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Ringed Seal Photo Stream Team Members Gallery Videos
Researchers from the AFSC National Marine Mammal Laboratory’s Polar Ecosystems Program spent 29 days (13 May- 11 June 2009) working to improve our understanding of the ecology, distribution, and abundance of seals in the Bering Sea. Bearded, spotted, ringed, and ribbon seals, often referred to collectively as “ice seals,” are seasonally ice-associated species that may be vulnerable to climate change through loss of sea ice. The ice seals found in the Bering Sea during spring have rarely been studied, and there are no current estimates of abundance or comprehensive descriptions of their distribution and habitat use. Further, the ice seals also are critical to the nutritional and cultural sustainability of Alaska Native communities along the Bering Sea coast. A fundamental understanding of these seals’ abundance, distribution, and foraging ecology is essential for NOAA to meet its Protected Resources mandates.

This research cruise on board the NOAA ship McArthur II focused on two key components:

  • Locate, capture, sample, and apply satellite-linked tags to ribbon and spotted seals in the marginal ice zone of the Bering Sea, and
  • Evaluate the utility of Unmanned Aerial Systems (UAS) technology to improve ice seal abundance and distribution estimates by flying sensor test flights and limited line transect surveys with an Insight A-20 UAS.

Cruise Videos Here

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Shawn Dahle
Shawn Dahle
2009-06-07 02:20:36
61 23.0206
174 16.7309

Ringed Seal Pup

Ringed Seal Pup

Catching this ringed seal pup was a bit of a surprise. Many ringed seals breed near shore on land-fast ice, and the pups are not common along the southern pack ice edge in the Bering Sea. We took some measurements and biological samples from this little guy and then let him be on his way.

Shawn Dahle
Shawn Dahle
2009-06-07 02:17:54
61 22.9918
174 16.7530

Double-tagged

Double-tagged

This adult male ribbon seal was fitted with two types of satellite tags. The head-mounted SPLASH tag provides diving and location data even while the seal is at sea, but will fall off when the seal molts next spring. The flipper-mounted SPOT tag provides location data only when the seal is hauled out on ice, but will hopefully last 3 or more years.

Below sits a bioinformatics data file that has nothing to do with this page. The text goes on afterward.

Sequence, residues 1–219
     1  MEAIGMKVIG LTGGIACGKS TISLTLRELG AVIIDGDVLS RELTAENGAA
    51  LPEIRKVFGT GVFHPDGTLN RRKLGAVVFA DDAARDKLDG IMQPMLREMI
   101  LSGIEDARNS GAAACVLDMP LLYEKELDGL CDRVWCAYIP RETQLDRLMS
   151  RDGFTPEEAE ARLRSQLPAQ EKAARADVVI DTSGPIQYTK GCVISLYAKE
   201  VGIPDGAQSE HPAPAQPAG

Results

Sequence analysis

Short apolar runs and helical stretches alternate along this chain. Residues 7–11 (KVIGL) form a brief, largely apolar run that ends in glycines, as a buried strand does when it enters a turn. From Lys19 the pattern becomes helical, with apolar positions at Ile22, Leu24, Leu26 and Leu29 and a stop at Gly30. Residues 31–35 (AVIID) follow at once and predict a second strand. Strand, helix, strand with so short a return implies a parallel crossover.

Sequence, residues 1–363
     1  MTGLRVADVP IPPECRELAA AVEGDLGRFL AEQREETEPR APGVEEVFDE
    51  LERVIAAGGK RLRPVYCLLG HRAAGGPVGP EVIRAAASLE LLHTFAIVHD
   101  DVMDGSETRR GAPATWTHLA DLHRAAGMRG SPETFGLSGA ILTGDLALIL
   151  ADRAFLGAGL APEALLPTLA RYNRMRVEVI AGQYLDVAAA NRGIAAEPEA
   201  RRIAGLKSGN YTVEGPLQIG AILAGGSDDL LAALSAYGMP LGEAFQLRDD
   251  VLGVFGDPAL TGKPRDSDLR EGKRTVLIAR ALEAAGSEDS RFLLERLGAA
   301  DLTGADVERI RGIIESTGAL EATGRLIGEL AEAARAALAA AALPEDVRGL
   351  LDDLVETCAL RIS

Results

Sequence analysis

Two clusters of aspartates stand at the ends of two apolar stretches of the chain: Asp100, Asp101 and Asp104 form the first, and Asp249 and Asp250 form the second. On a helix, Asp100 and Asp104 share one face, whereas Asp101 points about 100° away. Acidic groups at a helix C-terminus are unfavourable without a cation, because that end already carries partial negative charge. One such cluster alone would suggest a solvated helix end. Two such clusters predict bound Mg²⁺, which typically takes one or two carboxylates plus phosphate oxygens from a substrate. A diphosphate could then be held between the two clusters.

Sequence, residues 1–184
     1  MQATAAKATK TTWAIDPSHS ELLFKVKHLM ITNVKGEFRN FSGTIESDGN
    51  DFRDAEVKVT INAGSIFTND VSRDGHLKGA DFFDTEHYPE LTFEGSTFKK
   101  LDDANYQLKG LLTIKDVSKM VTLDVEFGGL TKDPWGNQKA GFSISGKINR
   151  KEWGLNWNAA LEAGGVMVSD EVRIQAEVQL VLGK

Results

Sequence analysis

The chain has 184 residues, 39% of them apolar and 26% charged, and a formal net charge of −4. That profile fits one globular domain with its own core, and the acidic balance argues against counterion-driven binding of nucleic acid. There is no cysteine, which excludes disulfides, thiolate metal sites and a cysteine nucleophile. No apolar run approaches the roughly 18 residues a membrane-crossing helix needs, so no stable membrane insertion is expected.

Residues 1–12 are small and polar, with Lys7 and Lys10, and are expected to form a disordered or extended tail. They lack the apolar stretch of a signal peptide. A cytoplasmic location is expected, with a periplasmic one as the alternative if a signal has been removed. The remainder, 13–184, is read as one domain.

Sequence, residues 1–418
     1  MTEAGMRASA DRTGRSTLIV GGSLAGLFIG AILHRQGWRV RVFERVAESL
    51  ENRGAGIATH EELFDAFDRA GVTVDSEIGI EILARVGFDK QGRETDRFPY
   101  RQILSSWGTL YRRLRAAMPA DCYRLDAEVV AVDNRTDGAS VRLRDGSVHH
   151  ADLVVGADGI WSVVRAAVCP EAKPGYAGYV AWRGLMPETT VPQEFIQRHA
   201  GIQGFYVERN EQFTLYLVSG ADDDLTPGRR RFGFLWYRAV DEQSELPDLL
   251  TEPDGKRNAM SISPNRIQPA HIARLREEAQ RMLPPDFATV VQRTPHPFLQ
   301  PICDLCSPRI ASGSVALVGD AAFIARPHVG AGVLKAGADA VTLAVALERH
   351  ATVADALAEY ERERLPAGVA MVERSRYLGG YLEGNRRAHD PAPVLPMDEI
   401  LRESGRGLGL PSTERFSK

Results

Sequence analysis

Josh London
Josh London
2009-06-07 02:12:03
61 22.9221
174 16.8177

Curious Young Ribbon Seal

Curious Young Ribbon Seal

This weaned ribbon seal pup came over to get a closer look at researcher Josh London's boots. The pups show little fear or avoidance of humans on the ice.

Josh London
Josh London
2009-06-07 02:11:58
61 22.9213
174 16.8190

Young Ribbon Seal and McArthur II

Young Ribbon Seal and McArthur II

A young ribbon seal with the McArthur II in the background.

Josh London
Josh London
2009-06-07 02:11:53
61 22.9201
174 16.8205

Young Ribbon Seal and McArthur II

Young Ribbon Seal and McArthur II

A young ribbon seal with the McArthur II in the background.

Josh London
Josh London
2009-06-07 00:47:02
61 22.8987
174 17.9210

Molt

Molt

Every year, ribbon seals grow a new coat of hair. During this period, both the new and old hair is visible on some animals. In this photo, the older hair is brown and loose. The new hair is black.

Shawn Dahle
Shawn Dahle
2009-06-06 06:09:43
61 25.3804
174 33.9853

Ghost ship

Ghost ship

Fog shrouds the McArthur II as the seal team navigates back to the ship.

Josh London
Josh London
2009-06-06 02:56:16
61 22.5008
174 37.7706

Peeking Over the Edge

Peeking Over the Edge

An adult male ribbon seal peeks over a ridge on an ice floe after release.

   
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